A simple habit for your wealth creation journey

Apr 25, 2022

Tanmay Motiwala is a young doctor who began his investing journey in 2017. I was fascinated when I heard about his “small habit that created a big impact in investing.” So I reached out to him to learn more about his money journey.

What he referred to as the “small habit” was the simple, and extremely effective, act of journaling.

I never fail to be amazed at how this simple act is so incredibly effective simply because it makes you aware and critical of your spending patterns. It also matters when it comes to your goals. It makes you extremely mindful and gives you sharp clarity on what matters. It puts the focus back on your life, away from the players in the social media ecosystem.

Tanmay began by just putting down his thoughts. Whatever came to mind. He wrote them on the Good Notes app on his iPad. Why must I save? What am I saving for? What do I want to spend on this year? What is something that I want to do in the future?

He then began making note of his expenses. This can help you identify your worst habits, which may not be evident upfront. When you are living on a meagre salary, then the take-away bills and coffee shop hangouts pinch terribly. Writing down where money is spent presents you with facts and numbers.

Journaling in such a fashion helps an individual tackle the money problem from the positive angle (what am I saving for), and the negative (where are the wallet leakages). This awareness is something all of us could do with.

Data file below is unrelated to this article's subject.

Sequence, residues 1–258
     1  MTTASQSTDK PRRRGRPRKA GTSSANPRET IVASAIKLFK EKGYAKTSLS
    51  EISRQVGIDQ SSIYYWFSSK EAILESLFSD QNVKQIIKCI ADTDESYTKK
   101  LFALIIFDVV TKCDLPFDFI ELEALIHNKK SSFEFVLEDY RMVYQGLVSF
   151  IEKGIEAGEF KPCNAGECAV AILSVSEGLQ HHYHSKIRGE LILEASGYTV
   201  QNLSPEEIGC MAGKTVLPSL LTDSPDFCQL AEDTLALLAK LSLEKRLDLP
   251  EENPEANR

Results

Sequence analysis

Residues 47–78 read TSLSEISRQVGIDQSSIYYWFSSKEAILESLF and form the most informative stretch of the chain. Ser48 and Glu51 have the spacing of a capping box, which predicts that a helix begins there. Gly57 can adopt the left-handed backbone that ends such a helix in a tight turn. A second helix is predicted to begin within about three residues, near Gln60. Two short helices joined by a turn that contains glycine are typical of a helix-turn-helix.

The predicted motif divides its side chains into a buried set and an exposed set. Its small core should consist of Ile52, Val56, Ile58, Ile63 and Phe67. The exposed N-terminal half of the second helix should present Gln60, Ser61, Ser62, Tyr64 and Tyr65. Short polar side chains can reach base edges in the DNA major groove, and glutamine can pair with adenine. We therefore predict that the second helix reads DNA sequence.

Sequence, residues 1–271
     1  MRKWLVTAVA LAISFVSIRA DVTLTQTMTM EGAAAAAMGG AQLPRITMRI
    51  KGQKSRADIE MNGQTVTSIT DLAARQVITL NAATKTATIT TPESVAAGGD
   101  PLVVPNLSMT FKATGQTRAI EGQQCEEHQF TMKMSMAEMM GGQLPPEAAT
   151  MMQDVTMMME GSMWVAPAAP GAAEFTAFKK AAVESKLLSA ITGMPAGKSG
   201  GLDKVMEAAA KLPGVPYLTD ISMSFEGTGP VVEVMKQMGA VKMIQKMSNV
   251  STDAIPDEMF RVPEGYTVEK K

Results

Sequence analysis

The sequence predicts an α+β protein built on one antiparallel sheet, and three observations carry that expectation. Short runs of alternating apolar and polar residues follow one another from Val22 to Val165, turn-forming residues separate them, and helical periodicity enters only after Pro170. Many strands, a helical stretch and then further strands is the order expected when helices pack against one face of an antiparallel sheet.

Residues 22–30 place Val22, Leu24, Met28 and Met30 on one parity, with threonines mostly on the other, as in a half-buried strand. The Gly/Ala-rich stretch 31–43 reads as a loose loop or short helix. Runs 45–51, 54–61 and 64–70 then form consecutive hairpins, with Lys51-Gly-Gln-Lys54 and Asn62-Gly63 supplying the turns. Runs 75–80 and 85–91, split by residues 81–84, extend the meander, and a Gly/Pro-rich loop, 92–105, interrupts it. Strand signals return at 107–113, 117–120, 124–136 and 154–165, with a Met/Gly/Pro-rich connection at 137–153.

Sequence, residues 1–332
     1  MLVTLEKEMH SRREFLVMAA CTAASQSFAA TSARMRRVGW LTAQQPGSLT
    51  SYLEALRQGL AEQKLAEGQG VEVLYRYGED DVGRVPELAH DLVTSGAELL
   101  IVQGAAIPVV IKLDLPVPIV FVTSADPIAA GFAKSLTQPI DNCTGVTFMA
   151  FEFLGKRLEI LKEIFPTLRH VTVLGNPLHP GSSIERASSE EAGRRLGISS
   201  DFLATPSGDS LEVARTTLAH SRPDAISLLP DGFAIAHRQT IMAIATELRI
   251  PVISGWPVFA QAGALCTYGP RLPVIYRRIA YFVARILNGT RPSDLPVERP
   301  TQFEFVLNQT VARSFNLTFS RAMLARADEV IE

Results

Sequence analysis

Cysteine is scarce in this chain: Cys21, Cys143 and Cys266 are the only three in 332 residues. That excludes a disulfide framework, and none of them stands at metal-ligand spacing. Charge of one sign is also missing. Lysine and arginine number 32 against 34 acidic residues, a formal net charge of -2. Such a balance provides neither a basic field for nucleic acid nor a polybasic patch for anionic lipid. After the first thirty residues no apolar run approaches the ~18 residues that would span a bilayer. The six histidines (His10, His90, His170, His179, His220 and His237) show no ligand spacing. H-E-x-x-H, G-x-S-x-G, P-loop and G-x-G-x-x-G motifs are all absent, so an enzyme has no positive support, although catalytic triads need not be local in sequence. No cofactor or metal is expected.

Once this becomes a routine, saving becomes a habit.

Read: 3 questions to answer to kickstart your savings

Read: Why does money slip through my fingers?

Tanmay shares five learnings:

#1. Always make notes when it comes to investing.

My writing habit is something that has worked for me, but I did not restrict it to just writing my goals and expenses.

I always write down my fundamental analysis when investing in a company. I also write down my investment thesis. Why am I buying it? At what price should I pick up the stock? What changed my mind (if I am selling)?

This is a real confidence booster when I am right. It also helps keep me grounded during a volatile market or when the earnings are not impressive in a quarter. It also throws up tremendous learnings. The mistakes I made earlier in my analysis. It is easier to spot if the company’s trajectory is deviating from what I perceived it to be.

I also write down my feelings and emotions during different phases of the market. No one is oblivious to the impact a roaring bull market or a very bearish market can have. Putting it down in words helps me face my own vulnerability and keeps me grounded. I recently put a reminder down in my diary to ignore the external noise and focus only on fundamentals and quality stocks.

#2. A combination of a hands-off and hands-on approach is a winner.

Once invested, I refused to check my portfolio or the market levels constantly. Here too, my tight schedule and packed days helped. At times, I was just too tired. But by letting my capital build up, I could see a corpus being created which further bolstered my enthusiasm.